The CSI of literature
Charlie Ducey | Tuesday, February 25, 2014
“The Hunger Games,” “Twilight,” anything written by James Patterson — these are the kind of sensational page-turners, complete with love triangles and predictable plots, that I wouldn’t want to be caught reading even in an airport bookstore devoid of any other print media. Really, I’d sooner read a dictionary.
In my mind, page-turners are to books as crime scene procedurals are to TV shows. They’re formulaic, flashy and unfairly successful. They do a disservice to quality literature, but people want to read them.
As it turns out, there’s an Indiana author and YouTuber John Green who has written a number of novels like this — all large print with short chapters and plenty of teenage romance. “The Fault in Our Stars,” Green’s most recent book, features the same generic love story found in his other books, but this time around the teenagers have cancer. Despite my aversion to books like this, I ended up reading it the whole way through. I can’t say that I totally regret doing so.
The thing about Green is he knows his way around literature. He’s well-read. He quotes Emily Dickinson and Shakespeare (the title, “The Fault in Our Stars,” is taken right out of a monologue in “Julius Caesar”). He alludes to Greek mythology and abstract French painters. Green even goes out of his way to research cancer treatment for the premise of the novel. But unlike the great literature it quotes, “The Fault in Our Stars” doesn’t sustain any kind of profound existential engagement, despite its grave subject matter. Again, these teenagers have cancer.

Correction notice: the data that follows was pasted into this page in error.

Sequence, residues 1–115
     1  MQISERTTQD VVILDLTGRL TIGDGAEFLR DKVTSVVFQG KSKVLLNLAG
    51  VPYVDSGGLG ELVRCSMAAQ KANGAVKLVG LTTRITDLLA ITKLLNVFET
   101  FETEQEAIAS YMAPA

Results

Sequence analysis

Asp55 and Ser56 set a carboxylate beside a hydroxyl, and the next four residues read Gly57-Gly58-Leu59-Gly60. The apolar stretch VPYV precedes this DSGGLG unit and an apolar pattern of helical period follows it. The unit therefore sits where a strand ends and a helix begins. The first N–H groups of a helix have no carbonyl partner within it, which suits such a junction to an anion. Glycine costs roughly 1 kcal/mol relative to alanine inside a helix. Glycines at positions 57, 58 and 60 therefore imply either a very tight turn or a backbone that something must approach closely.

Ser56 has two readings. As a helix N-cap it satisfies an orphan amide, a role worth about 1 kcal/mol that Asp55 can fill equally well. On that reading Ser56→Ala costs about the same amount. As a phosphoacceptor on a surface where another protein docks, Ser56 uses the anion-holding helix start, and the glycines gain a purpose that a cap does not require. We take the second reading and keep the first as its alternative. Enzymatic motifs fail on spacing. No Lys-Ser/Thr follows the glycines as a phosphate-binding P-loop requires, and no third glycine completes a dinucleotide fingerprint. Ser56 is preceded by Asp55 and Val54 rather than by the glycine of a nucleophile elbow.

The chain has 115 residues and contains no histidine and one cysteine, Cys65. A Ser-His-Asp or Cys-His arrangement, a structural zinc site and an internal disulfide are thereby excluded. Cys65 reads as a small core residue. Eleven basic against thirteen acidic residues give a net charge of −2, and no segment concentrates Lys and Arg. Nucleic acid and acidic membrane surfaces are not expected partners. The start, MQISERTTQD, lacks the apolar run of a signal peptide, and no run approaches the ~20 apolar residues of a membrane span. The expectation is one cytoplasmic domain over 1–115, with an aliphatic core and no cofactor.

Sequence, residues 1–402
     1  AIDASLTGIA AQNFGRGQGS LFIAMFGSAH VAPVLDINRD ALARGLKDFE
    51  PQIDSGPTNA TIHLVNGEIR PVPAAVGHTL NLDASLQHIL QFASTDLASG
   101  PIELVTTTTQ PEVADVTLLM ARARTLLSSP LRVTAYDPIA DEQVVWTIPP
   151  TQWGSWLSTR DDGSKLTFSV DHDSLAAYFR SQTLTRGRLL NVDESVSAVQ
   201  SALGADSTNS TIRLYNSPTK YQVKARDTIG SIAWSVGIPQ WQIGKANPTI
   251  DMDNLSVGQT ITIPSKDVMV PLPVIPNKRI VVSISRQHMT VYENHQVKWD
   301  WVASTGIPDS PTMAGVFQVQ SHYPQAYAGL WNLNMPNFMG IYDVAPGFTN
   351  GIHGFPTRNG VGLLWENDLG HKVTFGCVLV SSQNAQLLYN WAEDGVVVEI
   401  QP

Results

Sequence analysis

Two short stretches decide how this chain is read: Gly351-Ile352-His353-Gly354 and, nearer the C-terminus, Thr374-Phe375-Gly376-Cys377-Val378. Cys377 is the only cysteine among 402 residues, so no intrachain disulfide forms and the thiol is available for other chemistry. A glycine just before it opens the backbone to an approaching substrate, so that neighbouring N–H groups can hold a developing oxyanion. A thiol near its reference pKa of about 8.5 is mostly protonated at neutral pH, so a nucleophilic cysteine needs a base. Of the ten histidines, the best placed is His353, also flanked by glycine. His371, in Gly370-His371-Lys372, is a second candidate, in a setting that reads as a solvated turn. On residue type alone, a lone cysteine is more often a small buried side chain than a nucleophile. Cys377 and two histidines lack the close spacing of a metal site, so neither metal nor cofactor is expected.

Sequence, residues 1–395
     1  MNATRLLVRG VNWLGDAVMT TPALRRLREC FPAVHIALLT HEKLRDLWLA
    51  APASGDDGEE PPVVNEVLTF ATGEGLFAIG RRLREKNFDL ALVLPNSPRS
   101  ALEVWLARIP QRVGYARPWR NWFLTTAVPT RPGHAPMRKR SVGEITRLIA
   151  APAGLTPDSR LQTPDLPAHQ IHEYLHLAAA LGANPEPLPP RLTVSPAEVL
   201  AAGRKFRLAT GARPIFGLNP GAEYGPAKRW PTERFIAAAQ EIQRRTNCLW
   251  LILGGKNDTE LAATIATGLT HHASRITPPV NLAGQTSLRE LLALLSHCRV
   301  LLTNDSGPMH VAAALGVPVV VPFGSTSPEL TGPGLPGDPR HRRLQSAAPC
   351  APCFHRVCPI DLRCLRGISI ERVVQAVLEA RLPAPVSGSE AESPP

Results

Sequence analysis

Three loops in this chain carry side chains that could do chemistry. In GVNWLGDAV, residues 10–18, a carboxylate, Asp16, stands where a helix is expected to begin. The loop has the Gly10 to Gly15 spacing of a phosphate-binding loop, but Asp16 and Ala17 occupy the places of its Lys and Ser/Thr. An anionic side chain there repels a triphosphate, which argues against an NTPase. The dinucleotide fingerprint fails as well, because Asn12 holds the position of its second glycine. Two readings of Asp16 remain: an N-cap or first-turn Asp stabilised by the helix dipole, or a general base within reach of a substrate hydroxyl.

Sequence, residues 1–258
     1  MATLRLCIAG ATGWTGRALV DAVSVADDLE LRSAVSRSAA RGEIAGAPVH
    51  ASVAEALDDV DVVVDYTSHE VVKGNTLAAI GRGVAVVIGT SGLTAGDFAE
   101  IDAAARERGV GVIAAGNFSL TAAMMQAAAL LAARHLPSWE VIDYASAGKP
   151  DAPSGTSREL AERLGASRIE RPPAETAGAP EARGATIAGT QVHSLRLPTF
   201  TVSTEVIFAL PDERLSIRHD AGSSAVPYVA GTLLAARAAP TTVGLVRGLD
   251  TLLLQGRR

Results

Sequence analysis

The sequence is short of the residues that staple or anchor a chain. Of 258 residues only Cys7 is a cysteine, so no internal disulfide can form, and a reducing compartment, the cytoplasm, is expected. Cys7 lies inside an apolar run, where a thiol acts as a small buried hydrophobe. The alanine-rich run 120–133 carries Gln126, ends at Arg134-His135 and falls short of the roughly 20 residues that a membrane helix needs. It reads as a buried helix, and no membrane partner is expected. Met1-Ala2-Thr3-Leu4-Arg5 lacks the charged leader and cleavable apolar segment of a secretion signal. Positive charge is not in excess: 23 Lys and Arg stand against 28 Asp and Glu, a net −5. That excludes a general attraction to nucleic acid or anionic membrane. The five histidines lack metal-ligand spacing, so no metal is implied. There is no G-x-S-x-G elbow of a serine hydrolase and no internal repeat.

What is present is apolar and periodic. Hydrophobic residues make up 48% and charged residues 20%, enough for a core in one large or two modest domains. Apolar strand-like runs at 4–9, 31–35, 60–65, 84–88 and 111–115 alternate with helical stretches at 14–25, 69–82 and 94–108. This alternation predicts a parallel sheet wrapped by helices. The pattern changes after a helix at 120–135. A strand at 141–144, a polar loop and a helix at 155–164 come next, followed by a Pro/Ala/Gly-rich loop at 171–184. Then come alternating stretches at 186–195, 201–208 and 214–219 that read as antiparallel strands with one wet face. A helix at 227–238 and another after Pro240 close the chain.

Now, I wouldn’t be criticizing the book for this shortcoming except it actually does try to be profound. The phrase “existentially fraught” is used more than once. The problem is as soon as Green has his characters make mention of oblivion or true love, they stop midway through the idea, offering only a glimpse where great authors flesh out the whole expansive view.
The real fault of “The Fault in Our Stars” may be its inability to probe its existentially-ripe content to any great depth, but this very fault gives rise to its greatest strength: It’s eminently readable. The book is not weighed down by inscrutable metaphors or drawn out cogitations. Its sentences are terse and often pedestrian in construction, its language colloquial and humorous. In many ways, it’s a lean book, thin like the emaciated cancer patients it describes. Sometimes, this figurative thinness is good. Not “perfect in every way” (as per an excerpt from the Sacramento Bee on the book’s back cover), but good.
Maybe page-turners aren’t to be so easily dismissed. Maybe they serve their role in the literary world as a light side dish beside the dense richness of the main course of literary greats. I don’t expect to be picking up any side dishes any time soon, but if I have to, I think I’ll prefer the Green variety.
The views expressed in this column are those of the author and not necessarily those of The Observer.